La Mesa Boys and Girls Club receives big boost


The thousands of fans dressing up for Comic Con were not the only gathering of superhero’s in San Diego this week. These heroes however, do not need masks or a fortress of solitude. Their superpowers are compassion, teamwork and determination, and they could be found at the La Mesa Teen Center for a ceremony to celebrate the creation of a new fortress, a Boys and Girls club for the child superheroes tomorrow.

The thousands of fans dressing up for Comic Con were not the only gathering of superhero’s in San Diego this week. These heroes however, do not need masks or a fortress of solitude. Their superpowers are compassion, teamwork and determination, and they could be found at the La Mesa Teen Center for a ceremony to celebrate the creation of a new fortress, a Boys and Girls club for the child superheroes tomorrow.

There are more contributors to this project than members of the Justice League, but Steve South may represent of the “Man of Steel” on this occasion. South is the campaign chairman of the La Mesa Boys and Girls Club of the East County Foundation and CEO of EDCO services and said he has been involved with the Boys and Girls club for nearly 25 years.

South said he is excited that after endless talks of planning and fundraising this center is becoming a reality.

“It’s thrilling,” he said. “La Mesa has been talking about a boys and girls club for a long time but it never really developed. It’s a great opportunity for a community to come together and to do that in a way that helps kids for generations is just an over the top experience because at the end of the day, it’s all about the kids and a project like this is going to last decades and decades. There are few things that can bring together people, government and community members, kids are one.”

It takes more than just a great idea and community connections to bring together something like this however, sometimes you need the help of a local legend. That legend is La Mesa native and NBA Hall of Famer Bill Walton. He spoke longer than any, reminding everyone of the reasons they had all been brought together.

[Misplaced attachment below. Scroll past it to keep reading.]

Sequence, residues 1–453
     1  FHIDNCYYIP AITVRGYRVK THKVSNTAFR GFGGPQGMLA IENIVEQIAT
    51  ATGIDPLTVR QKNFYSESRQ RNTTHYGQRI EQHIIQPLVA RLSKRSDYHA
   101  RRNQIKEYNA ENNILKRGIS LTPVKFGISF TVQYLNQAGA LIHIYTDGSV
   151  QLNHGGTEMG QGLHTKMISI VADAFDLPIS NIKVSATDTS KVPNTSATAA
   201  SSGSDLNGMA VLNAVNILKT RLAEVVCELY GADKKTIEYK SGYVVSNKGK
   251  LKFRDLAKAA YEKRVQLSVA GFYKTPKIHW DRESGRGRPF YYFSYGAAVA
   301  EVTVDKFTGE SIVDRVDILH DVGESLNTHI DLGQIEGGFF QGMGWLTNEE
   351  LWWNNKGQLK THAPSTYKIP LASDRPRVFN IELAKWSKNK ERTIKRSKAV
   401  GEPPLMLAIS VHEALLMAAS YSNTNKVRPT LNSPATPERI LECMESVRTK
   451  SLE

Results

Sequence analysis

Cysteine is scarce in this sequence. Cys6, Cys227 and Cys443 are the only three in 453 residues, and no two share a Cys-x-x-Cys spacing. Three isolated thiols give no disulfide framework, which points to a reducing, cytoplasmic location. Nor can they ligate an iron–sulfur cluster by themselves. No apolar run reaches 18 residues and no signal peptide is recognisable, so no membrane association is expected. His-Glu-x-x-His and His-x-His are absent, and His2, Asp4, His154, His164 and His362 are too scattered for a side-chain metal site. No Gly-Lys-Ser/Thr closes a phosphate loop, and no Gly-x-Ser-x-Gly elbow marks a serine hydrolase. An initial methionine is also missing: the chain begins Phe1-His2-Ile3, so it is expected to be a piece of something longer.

“Sadly too many of our young children today don’t have the same opportunity that we had, that same sense of hope,” he said. “So as we build and look forward to the future and we must see the angels who have given so much to help build our great communities.”

Walton said that Ron and Mary Alice Brady were perhaps the two greatest of said angels.

“Ron is the epitome of what it means to be at the top of the mountain and realize that he didn’t get there by himself,” he said. “Too many people get up there and build an electric fence around the mountain. That is the antithesis of Ron and Mary Alice Brady. Because the first thing they do when success comes their way is turn around and they put that open hand down and out and say ‘Come on, you’re coming with us.’ They are that beacon of hope, that inspiration, that shining star on the hill that gives all of these young children the hope and the dream that we all took for granted.”

Mary Alice Brady said that seeing this plan come to fruition was “a dream come true” and that it brought out some intense emotions.

“Overwhelming,” she said. ”It always is because growing up as I did, it’s amazing to me that I could be involved in something as wonderful for our community, for the world. When I first came to San Diego I was one of these children who needed a place to go. There were no boys and girls clubs then and I was placed in a foster home. This neighborhood where my husband grew up, right up the street, really needed a boys and girls club, a safe environment, a place where the kids could have good role models.”

Nearly $5 million has been generated for this project that will help about 500 kids a day. The La Mesa Teen Center was renovated with upgrades to the façade, new furniture, new computers new walls and ceilings blinds and a security system. A separate facility for the Boys and Girls club will be built a short distance away but is still in the planning phases.

Nile Brandt, director of the La Mesa Teen Center said renovations have already made a difference and that these kids deserve it.

“Everything that has been done to this place has stuck out in a positive way and I think the kids feel more accounted for,” he said. “I’ve been incredibly fortunate over the last four years here to be able to work with an amazing team and the best group of kids that I could possibly imagine. I don’t have bad days here. I can come here in bad mood, car broke down, whatever, but as soon as that first kid walks through the door it’s a complete 180. I hope one day to be a board member for the boys and girls club here and give back everything they have allowed me to accomplish here.”